When you think of The DogSmith you think of dogs, right? Yes DogSmiths are Professional Certified Professional Dog Trainers and Behavior Analysts. But we are also Certified Pet Care providers. DogSmiths clients include canines, felines, equines and a variety of smaller pets. Among the smaller pets we are regularly asked to look after are rabbits.
Rabbits are a popular choice of pet for children. They are small, can be hand tame if socialized well, come in a variety of breeds and live for up to 17 years. As with any animal member of our family, caring properly for a pet rabbit is very important. If you have a rabbit or are thinking of bringing a rabbit into your home then plan accordingly so you can care for your pet rabbit correctly.
Rabbits need safe housing. They need to be in a secure and well ventilated cage. If kept indoors you must provide for outside play in a good enclosure. Rabbits living outside are very vulnerable to predators. Raccoons, coyotes and other animals will prey on your pet rabbit. Outdoor hutches must take into consideration the weather in your location. The flooring should be made of a material that a rabbit cannot dig through as an adventurous rabbit will soon escape and be hopping around your neighborhood. Your rabbit will also need a litter box.
When handling your rabbit be very careful. Rabbits are more fragile than they look. If dropped you can break their bones. To lift a rabbit correctly you must support their body. Most rabbits will struggle when their feet leave the ground so use your hand under the rabbit’s chest while supporting their back end with your other hand. Hold the rabbit against your body so there is no danger of dropping it. A rabbit can become conditioned to enjoy being picked up and stroked if you approach this in the right way.
Rabbits need a special diet. Each day you must provide grass for them. Veterinarians recommend either Timothy or Bermuda. Other grass options can be detrimental to their health. Rabbits also need a daily ration of greens. Bethany Jordan, DogSmith Florida Panhandle and Alabama, recommends a “Bunny Salad” (recipe below). Don’t feed your rabbit any sugar or too much fruit. Too much sugar can affect their gut flora. Rabbits also need ½ cup of Timothy pellets each day and a bowl of fresh clean water to drink. Water must be available to your rabbit at all times.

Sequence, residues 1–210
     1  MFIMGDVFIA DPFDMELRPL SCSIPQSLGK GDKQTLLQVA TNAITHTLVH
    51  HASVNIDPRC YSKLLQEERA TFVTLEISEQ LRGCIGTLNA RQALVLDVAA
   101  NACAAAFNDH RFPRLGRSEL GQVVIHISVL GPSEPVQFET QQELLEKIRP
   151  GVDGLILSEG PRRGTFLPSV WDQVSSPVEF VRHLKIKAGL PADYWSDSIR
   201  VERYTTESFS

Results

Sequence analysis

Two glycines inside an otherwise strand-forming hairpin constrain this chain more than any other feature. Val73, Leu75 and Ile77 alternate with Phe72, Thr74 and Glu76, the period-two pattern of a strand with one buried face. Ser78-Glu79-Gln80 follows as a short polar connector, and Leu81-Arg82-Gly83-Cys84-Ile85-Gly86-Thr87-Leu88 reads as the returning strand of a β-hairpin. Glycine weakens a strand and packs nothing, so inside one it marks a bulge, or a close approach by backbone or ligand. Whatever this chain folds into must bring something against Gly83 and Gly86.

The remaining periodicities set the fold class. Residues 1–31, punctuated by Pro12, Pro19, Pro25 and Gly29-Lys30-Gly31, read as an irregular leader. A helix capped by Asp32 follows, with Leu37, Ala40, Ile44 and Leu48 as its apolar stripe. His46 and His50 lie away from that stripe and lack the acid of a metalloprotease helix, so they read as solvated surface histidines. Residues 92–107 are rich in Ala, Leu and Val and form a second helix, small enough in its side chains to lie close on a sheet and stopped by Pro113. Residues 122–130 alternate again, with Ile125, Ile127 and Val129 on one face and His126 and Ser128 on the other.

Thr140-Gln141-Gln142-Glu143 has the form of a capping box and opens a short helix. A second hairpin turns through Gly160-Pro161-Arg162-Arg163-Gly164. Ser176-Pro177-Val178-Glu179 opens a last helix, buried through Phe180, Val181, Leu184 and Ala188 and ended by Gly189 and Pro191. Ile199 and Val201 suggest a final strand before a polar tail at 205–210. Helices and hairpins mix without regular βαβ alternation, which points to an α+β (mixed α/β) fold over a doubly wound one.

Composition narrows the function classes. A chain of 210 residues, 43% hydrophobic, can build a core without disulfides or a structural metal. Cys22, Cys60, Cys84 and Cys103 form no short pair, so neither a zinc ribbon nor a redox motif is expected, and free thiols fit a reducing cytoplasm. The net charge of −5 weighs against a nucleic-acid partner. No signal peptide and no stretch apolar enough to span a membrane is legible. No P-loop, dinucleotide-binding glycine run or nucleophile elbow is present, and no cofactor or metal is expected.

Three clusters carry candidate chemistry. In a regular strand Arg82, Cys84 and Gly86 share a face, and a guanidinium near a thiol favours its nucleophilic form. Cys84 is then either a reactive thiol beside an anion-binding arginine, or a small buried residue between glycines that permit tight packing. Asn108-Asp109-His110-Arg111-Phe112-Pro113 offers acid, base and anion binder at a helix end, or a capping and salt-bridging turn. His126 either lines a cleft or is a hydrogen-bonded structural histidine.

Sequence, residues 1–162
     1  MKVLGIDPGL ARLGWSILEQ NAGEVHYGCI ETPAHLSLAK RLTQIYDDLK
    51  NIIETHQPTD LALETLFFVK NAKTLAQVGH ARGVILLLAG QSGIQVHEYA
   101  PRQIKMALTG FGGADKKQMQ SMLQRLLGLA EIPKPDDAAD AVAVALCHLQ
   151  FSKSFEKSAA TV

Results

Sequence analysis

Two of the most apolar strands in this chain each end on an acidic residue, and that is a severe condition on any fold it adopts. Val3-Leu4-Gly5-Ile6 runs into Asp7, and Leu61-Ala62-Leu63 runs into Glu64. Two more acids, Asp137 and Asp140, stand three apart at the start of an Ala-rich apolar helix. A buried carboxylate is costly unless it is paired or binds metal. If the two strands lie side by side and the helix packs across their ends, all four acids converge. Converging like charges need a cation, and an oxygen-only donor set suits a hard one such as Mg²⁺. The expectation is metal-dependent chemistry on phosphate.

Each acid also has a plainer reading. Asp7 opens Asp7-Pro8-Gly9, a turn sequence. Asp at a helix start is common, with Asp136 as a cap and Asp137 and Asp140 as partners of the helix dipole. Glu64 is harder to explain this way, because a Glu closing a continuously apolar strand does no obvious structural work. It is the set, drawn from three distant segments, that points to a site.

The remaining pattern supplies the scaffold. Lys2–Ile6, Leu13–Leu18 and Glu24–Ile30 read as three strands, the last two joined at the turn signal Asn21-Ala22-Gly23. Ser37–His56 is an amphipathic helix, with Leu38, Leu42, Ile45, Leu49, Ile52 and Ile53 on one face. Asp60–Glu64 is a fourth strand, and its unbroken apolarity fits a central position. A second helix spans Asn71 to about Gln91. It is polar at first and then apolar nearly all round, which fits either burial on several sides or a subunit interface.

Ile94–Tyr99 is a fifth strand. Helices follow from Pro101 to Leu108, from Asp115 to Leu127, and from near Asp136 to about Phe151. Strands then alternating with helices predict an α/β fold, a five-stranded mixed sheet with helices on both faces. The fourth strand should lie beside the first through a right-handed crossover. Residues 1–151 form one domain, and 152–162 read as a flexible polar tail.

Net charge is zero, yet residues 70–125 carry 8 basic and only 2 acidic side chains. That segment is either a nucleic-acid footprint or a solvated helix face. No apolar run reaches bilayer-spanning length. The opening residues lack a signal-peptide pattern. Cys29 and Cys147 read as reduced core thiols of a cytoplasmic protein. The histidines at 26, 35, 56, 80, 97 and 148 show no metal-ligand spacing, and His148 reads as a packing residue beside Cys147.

The DogSmith “Beth’s Bunny Salad” - Bethany Jordan advises mixing these so the rabbit does not get too much of any one ingredient:
- Fresh organic greens
- Fruit ( apples, pears, or strawberries)
- Sweet potato
- Random leftover veggies
We asked Bethany for her advice on the most important things to remember when caring for a rabbit. Here is what she said:
- Rabbits have the same GI as horses so any change in diet should be gradual.
- Rabbits need hard objects to chew as they have to file their teeth, wood is a good option.
- Rabbits are VERY sensitive to heat stroke so their accommodations should be made to keep them cool during hot summer months.
- Never house your Rabbit with guinea pigs as they can pass infectious diseases.
- Rabbits are prone to bladder stones so they should not eat alfalfa or greens that contain a lot of calcium.
- Greens that contain a high moisture content such as lettuce and cucumber should be given in moderation as may cause diarrhea.
- Rabbits are very active animals and are much happier with a life full of enrichment so give them toys, boxes to climb on or in and if you are committed you can train them to do fun things.
- A Rabbit’s teeth and nails require trimming as they are continually growing.
- If you have a male and a female rabbit then spay or neuter your pets to prevent unwanted bunnies.
So the next time you are considering a vacation and need a pet care provider, call a DogSmith Certified Pet Care provider. We will hop right over and take care of your critters, big and small.